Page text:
Hello, and welcome to Paper of the Day (Po’D): Intriguing properties of neural networks edition. Today’s paper is: C. Szegedy, W. Zaremba, I. Sutskever, J. Bruna, D. Erhan, I. Goodfellow and R. Fergus, “Intriguing properties of neural networks”, in Proc. Int. Conf. Learning Representations, 2014. Today’s paper is very exciting for me because I see “horses” nearly being called “horses” in a machine learning research domain outside music information retrieval. Furthermore, the arguments that this work is apparently causing resembles what I have received in peer review of my work. For instance, see the comments on this post. Or the reviews here. Some amount of press is also resulting, e.g., ZDnet, Slashdot; and the results of the paper are also being used to bolster the argument that the hottest topic in machine learning is over-hyped.
The one-line precis of this paper is: The deep neural network: as uninterpretable as it ever was; and now acting in ways the contradict notions of generalization.
The authors take several neural net architectures, and create several systems by training them using different image datasets, from handwritten digits, to 10 million images from YouTube. With these systems, they perform two experiments. One experiment addresses the claim that the output of a unit in a layer in a NN provides a “meaningful feature”. For instance, one can find the subset of images in a test dataset where the output of one unit in a layer is exceptionally large, and then infer from these images the properties that they share — such as a diagonal line denoting “2” and “7”. Szegedy et al. look instead for images that produce large values in a random combination of the outputs of all units in a layer, and find the same results. This challenges a claim that units themselves are responsible for recognizing characteristics that are higher-level than their inputs.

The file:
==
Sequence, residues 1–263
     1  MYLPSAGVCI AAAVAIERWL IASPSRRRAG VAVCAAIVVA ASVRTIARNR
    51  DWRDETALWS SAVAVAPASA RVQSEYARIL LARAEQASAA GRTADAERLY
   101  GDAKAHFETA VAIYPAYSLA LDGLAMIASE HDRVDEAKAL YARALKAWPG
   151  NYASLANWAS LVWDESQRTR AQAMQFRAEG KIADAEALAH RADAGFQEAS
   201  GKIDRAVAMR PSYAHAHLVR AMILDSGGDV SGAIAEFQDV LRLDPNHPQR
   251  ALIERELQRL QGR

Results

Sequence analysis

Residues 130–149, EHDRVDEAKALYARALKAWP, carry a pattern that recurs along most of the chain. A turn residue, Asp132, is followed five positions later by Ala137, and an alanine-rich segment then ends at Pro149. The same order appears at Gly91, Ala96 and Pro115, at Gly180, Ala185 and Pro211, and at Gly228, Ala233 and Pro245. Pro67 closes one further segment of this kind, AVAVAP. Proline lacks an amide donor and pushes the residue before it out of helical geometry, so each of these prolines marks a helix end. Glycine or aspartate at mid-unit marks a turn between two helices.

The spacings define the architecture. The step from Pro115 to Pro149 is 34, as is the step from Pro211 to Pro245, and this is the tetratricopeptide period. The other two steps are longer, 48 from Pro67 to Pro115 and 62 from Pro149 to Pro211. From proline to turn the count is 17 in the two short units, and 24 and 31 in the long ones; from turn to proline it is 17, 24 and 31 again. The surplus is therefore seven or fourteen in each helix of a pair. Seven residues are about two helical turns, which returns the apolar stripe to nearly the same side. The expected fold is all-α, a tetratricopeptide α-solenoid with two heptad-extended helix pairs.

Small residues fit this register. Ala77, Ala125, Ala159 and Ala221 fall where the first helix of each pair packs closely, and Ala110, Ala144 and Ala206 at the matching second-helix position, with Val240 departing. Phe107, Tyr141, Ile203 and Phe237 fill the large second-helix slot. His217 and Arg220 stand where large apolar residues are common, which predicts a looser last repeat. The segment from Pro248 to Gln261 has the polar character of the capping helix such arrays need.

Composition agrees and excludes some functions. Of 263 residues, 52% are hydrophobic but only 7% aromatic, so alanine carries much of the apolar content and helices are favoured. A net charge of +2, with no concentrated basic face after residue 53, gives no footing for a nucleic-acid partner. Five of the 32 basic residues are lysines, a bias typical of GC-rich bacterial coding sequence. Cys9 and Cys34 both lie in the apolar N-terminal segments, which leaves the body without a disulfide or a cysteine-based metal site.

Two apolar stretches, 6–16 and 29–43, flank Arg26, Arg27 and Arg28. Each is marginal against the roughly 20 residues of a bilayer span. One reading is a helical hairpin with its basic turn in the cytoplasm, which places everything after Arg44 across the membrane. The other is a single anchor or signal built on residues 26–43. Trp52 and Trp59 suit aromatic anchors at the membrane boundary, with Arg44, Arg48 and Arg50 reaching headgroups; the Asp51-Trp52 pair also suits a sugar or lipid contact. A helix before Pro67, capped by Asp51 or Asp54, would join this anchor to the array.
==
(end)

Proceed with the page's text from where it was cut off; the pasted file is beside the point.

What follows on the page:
The second experiment of the authors is essentially the method of irrelevant transformations.
They take an image correctly classified by the system,
and find a small perturbation of it (essentially additive distortion)
that causes the system to mislabel it.
They call the resulting image an “adversarial example.”
For all their systems, they are able to inflate their error rate to 100%.
(Several of these systems have test error rates of less than 2%.)
What is more, these perturbations are done on the training dataset.
For instance, the figure below shows one example.
The picture on the left is correctly labeled by a system. The picture in the middle is incorrectly labeled by the same system. The magnitude difference between the two pictures is shown on the right.
Clearly at stake now is the sanity of maintaining a position that these systems have learned to generalize objects in images. However, are these systems “horses”? In other words, do their performances in these tasks measured in these datasets come from them using criteria that are irrelevant to the tasks? Are their good performance due to confounds, and the lack of control over independent variables in the experiment? I think Szegedy et al. have yet to do this, but the notions are certainly there. If such systems with 7% error can be so easily fooled, then what is the meaning of that 7% error? This, to me, signals a problem with validity in the evaluation with respect to the basic questions to which answers are sought, e.g., how well has my system learned to recognize “X”?